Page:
The Films of the Eighties: A Social History
Southern Illinois University Press, 1993 - 335 pages
In this remarkable sequel to his Films of the Seventies: A Social History, William J. Palmer examines more than three hundred films as texts that represent, revise, parody, comment upon, and generate discussion about major events, issues, and social trends of the eighties.
Palmer defines the dialectic between film art and social history, taking as his theoretical model the "holograph of history" that originated from the New Historicist theories of Hayden White and Dominick LaCapra. Combining the interests and methodologies of social history and film criticism, Palmer contends that film is a socially conscious interpreter and commentator upon the issues of contemporary social history. In the eighties, such issues included the war in Vietnam, the preservation of the American farm, terrorism, nuclear holocaust, changes in Soviet-American relations, neoconservative feminism, and yuppies.
Among the films Palmer examines are Platoon, The Killing Fields, The River, Out of Africa, Little Drummer Girl, Kiss of the Spiderwoman, Silkwood, The Day After, Red Dawn, Moscow on the Hudson, Troop Beverly Hills, and Fatal Attraction. Utilizing the principles of New Historicism, Palmer demonstrates that film can analyze and critique history as well as present it.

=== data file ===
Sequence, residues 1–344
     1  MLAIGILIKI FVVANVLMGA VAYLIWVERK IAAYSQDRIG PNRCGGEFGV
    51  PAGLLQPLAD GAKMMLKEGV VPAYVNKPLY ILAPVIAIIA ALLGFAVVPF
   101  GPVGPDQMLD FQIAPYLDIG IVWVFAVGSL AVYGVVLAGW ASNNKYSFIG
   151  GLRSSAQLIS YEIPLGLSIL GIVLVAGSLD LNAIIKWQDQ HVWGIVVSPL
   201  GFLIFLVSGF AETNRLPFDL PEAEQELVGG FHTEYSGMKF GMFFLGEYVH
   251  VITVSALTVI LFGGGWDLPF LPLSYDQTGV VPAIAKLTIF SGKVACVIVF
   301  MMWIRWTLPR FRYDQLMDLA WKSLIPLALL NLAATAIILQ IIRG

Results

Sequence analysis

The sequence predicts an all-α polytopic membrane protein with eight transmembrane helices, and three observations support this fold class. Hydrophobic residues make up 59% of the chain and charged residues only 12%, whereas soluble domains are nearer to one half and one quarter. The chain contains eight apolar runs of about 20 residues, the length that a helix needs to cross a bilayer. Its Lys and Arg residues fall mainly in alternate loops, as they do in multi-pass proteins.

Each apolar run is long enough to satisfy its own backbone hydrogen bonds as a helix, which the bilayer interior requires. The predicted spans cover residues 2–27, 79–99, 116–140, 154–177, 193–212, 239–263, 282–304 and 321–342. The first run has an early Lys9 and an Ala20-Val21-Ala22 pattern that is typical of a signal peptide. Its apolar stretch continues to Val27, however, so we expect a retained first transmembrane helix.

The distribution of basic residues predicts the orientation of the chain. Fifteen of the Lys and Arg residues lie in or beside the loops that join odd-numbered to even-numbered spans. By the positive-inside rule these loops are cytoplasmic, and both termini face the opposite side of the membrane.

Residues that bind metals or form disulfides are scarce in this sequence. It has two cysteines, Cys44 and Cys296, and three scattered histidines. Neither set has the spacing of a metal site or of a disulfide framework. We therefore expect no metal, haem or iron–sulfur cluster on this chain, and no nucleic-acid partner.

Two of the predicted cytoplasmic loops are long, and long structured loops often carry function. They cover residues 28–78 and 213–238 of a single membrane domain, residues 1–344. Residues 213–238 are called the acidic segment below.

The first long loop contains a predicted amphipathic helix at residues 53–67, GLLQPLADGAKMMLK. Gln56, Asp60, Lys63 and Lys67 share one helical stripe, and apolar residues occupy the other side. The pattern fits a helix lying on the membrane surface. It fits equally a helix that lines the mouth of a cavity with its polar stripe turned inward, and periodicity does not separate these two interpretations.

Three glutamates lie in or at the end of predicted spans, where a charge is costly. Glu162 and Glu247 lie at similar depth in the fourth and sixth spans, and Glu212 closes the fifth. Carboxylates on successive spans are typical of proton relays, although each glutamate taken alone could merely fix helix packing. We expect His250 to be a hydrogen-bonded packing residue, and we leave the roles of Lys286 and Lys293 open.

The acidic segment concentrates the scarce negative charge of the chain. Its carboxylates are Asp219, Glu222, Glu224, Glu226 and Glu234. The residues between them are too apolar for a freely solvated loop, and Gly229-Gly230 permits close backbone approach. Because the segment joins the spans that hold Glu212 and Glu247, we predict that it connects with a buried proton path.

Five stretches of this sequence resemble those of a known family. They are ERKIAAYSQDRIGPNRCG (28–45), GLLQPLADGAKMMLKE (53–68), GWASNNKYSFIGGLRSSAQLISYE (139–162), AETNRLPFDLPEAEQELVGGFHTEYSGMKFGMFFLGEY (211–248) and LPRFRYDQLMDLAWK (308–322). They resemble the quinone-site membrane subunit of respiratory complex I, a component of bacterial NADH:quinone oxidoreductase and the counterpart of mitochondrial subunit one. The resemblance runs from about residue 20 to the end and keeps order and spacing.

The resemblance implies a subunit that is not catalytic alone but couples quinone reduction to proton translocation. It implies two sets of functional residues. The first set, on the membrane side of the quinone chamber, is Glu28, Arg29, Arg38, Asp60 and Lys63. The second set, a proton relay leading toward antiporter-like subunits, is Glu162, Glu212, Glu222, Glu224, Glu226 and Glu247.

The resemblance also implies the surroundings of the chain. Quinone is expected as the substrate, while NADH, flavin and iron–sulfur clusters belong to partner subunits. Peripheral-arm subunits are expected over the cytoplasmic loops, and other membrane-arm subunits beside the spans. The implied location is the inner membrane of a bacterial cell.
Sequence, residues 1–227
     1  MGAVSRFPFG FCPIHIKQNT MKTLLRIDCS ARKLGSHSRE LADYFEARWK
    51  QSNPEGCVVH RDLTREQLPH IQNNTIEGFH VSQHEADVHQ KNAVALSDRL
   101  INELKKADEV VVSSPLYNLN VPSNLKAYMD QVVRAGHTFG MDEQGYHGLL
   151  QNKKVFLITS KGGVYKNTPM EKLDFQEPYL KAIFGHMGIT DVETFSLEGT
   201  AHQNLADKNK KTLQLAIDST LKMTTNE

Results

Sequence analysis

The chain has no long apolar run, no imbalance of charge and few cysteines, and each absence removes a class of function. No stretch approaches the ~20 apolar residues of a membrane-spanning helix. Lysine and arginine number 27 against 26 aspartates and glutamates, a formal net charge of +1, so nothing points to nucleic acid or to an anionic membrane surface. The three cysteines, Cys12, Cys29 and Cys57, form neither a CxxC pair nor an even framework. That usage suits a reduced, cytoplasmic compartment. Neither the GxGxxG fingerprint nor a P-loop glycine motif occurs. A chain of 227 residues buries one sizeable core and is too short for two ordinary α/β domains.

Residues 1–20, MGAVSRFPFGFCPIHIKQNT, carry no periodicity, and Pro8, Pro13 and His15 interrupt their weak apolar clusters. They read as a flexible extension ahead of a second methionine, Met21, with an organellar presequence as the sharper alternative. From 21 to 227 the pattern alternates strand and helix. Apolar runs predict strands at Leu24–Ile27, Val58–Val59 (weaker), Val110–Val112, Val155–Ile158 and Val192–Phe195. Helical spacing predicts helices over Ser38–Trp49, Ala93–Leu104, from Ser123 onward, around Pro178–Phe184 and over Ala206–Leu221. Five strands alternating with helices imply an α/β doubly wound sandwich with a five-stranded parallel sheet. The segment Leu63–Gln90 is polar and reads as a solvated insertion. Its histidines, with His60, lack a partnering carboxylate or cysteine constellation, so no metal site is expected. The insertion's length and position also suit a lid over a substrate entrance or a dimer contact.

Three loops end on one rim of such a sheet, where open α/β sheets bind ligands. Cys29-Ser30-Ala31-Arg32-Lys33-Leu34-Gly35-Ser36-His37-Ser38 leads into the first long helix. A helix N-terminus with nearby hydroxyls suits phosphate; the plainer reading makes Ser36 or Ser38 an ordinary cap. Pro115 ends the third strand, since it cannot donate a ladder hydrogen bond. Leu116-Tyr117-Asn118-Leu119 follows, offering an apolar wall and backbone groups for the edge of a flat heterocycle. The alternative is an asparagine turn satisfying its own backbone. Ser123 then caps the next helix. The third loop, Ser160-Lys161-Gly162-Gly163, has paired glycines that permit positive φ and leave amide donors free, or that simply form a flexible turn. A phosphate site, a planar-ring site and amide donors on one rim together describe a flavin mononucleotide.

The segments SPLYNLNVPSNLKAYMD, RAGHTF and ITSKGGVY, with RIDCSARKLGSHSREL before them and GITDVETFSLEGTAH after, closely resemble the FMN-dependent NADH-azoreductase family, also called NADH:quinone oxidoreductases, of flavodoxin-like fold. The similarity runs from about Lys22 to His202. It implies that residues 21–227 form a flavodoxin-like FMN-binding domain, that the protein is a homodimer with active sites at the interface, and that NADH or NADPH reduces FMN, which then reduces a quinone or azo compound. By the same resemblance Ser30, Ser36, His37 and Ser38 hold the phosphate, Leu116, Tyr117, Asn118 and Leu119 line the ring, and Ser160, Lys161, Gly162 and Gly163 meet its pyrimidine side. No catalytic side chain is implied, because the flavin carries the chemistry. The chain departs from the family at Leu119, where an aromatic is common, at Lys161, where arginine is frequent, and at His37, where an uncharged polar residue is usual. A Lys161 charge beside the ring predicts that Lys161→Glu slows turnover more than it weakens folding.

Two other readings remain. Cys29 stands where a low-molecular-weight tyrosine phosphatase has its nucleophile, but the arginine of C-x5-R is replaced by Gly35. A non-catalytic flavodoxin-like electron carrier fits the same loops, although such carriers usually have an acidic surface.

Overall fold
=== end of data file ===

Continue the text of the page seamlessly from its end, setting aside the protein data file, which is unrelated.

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By the time the final firefight begins , Chris Taylor has learned the Vietnam War , has become proficient in death - dealing . He has learned to read the bush and see the attacking NVA in the night as he could not in the opening night ...
After the holocaust on the Main Street of small - town America and the final violent confrontation with bullheaded Sheriff Teasle ( Brian Dennehy ) , Colonel Trautman ( Richard Crenna ) , Rambo's commanding officer in Vietnam , tries to ...
It appears lastly in the final firefight as hands reach out to pull the squad and the rescued prisoners into the helicopters . In words and images , these two symbolic acts of bearing the burden and stretching out your hand capture the ...
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The Vietnam War as Film Text
The Coming Home Films
The Terrorism Film Texts
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